15 Insurance Tips for First-Time Homebuyers
April 30, 2021
Found your dream home? Congratulations! You’re probably looking forward to painting the walls, picking decor, and lounging on your deck. But before you move in, you’ll need to lock in your home insurance.
If you’re a first-time homebuyer, you might not know exactly what to look for in an insurance policy. What’s covered? What’s not? When do you sign on? And how much should you insure for?
We can help you. Here are 15 tips to keep in mind before you shop the market.
1. Know the Basics
It’s important to know the basics of home insurance so you can get the right coverage for your needs. Home insurance is a type of property insurance that provides compensation to repair or rebuild your home in the event of damage, loss, or theft. It’s not mandatory in Canada and it’s probably the last thing on your mind when house-hunting, but it’s essential to protect your home, your belongings, and your financial security. Not to mention, you won’t be able to get a mortgage without it since most lenders won’t release your funds until you show proof of insurance coverage.
A standard homeowner’s policy has three core components:
- Dwellings: Pays for damage or loss to the physical building you live in and all attached structures on your property, like a fence or a garage. If you live in a condo, however, your policy won’t cover the structure of the entire building, just the interior.\
- Contents: Covers loss or theft of your personal possessions.
- Personal Liability: Covers the legal, medical, and repair costs for any accidents, unintentional harm, or damage caused to others. Personal Liability coverage will respond if someone slips on your walkway, if your dog bites a visitor, or if a fire or water leak from your home affects your neighbour’s property.
Home insurance will also cover your living expenses if you have to temporarily relocate while your residence is being restored.
A lesser-known fact? Most lawyers refer to home insurance as “fire insurance,” so don’t be alarmed when shopping around.
2. Explore your options.
Did you know there are different types of home insurance? Depending on your needs and budget, it might be more strategic for you to consider:
- Comprehensive Coverage: Covers the building and contents for all risks, or perils, except for those specifically excluded on the policy. Because comprehensive home insurance has the most extensive coverage, it’s also the most expensive.
- Basic or Named Perils Coverage: This coverage is far less inclusive than comprehensive insurance and only pays for risks that are outlined in your policy—if it’s not listed, you won’t be covered. It’s a much cheaper alternative since you’ll have to carry the financial risks for some of the losses yourself.
- Broad Coverage: If a comprehensive policy is too pricey and basic insurance is too narrow, broad coverage can meet your needs in the middle. This option provides comprehensive coverage on your home’s main dwellings (against all perils), but only basic coverage for the contents inside (against named perils).
- No Frills Coverage: If you’ve purchased a home that is in the process of being built, a fixer-upper that needs significant renovations, or a place with serious structural issues—if your property is considered too much of a risk—you’ll probably have trouble qualifying for traditional coverage. However, you might still be able to buy no frills coverage from select insurers. No frills policies offer limited, bare bones protection and are meant for homes that don’t meet most insurance standards. With a no frills policy, you can still safeguard your property while you work towards correcting the problems that inhibited you from purchasing comprehensive, broad, or basic insurance in the first place.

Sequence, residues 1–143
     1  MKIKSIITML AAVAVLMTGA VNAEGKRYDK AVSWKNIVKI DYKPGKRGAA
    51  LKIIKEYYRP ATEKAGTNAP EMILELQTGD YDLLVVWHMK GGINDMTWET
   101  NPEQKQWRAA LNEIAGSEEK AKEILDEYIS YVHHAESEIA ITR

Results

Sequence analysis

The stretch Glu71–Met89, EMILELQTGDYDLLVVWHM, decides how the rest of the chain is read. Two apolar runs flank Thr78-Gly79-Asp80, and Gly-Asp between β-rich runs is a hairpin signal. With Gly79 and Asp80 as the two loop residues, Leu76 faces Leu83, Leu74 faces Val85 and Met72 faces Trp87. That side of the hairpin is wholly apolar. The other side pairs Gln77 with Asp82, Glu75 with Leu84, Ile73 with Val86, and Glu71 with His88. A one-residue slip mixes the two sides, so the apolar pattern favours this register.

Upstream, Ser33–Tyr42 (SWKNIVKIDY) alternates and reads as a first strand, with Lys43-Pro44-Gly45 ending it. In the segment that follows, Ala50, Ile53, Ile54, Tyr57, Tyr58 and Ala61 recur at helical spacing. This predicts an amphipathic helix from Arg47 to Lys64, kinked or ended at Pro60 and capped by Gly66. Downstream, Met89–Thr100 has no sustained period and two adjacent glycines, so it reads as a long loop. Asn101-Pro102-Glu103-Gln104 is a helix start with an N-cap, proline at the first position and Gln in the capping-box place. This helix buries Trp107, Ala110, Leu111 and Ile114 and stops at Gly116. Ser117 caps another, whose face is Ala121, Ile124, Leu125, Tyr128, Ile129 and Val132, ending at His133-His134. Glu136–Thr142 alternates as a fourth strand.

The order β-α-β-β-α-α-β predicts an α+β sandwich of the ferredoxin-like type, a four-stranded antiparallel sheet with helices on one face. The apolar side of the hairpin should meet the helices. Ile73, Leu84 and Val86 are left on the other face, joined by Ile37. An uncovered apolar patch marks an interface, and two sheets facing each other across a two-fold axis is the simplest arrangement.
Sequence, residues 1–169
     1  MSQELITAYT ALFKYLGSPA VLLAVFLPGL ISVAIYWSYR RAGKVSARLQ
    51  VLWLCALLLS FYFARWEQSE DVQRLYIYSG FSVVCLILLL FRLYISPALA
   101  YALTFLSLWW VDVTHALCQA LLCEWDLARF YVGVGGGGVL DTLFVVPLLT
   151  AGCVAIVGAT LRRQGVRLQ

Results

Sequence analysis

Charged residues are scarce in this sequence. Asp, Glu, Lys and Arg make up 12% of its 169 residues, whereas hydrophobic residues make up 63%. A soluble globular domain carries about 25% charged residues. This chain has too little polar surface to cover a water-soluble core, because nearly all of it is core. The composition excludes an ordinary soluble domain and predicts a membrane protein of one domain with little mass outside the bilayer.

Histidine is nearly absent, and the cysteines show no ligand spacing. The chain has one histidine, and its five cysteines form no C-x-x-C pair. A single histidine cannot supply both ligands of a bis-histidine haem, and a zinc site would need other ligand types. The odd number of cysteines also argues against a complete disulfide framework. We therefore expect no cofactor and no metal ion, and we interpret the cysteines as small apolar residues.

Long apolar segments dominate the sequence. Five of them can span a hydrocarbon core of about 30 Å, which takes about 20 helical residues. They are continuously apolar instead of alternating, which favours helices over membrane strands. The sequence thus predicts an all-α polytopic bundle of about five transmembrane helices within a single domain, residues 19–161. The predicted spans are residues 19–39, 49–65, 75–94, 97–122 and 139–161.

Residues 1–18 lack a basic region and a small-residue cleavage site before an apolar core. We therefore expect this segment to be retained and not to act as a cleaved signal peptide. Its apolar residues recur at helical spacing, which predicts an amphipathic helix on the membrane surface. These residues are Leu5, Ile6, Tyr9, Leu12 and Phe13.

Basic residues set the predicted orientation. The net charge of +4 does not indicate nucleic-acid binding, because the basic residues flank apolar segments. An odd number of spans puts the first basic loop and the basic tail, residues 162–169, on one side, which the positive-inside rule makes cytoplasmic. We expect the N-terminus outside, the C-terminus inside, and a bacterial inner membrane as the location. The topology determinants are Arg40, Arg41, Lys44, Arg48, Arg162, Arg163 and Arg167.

3. Know your home.
Your insurance provider will need to know as much about your property as possible to confirm your level of risk, coverage terms, and price. In particular, they’ll ask you about:
- When your home was built;
- Your home’s square footage, style, and size;
- Whether it’s a single family or multi-family dwelling;
- The age and condition of the plumbing, HVAC, wiring, roofing, and foundation;
- Whether the basement is finished;
- The exterior finish and siding;
- If there are any large trees on the property or street;
- Any attached structures;
- Backyard fixtures (i.e. a pool or a hot tub);
- And more.
- Make sure everything in your home is up-to-date and works properly, especially if you’ve bought an older home or a fixer-upper that you can’t fix up until later. This is key not just for insurance purposes, but for your own personal safety. Poor or outdated plumbing, HVAC, electrical, and more can be a strain on your wallet—and your health if they lead to bigger problems down the line, like mold, water damage, or pest invasions.
- If possible, get a home inspection. It’ll help you verify if your property is in good condition, unveil any hidden issues, and ward off any unforeseen repair expenses. Plus, the more you know about, the more you can plan for. That way you can avoid making a claim on your insurance by fixing or replacing anything broken well ahead of time.
- If you can’t get a licensed professional to come by, check out our guide 12 Things You Shouldn’t Ignore Before Buying a Home to conduct your own assessment.
4. Insure your home’s replacement value.
Don’t assume you have to insure your home at its market value, or even the value of your mortgage loan. That’s because the market value, or actual cash value (ACV), reflects how much you can sell it for, not how much it’ll cost to rebuild. It’s also based on a variety of external factors that have no direct correlation to reconstruction and can’t be “replaced” following a catastrophe, like housing demand, location, the land it was built on, and more. If your home is in a posh neighbourhood or sitting on a sizeable chunk of land, it might technically be worth more than it’ll cost to rebuild. And if you insure for your ACV, you’ll be overpaying for your insurance.
Additionally, the ACV changes over time, which means that your claims payment will be based on the current value of the product that needs to be replaced. For example, if your 10-year old stove breaks down, you’ll only receive enough for the current price of the same stove, not the cost of buying a new stove altogether.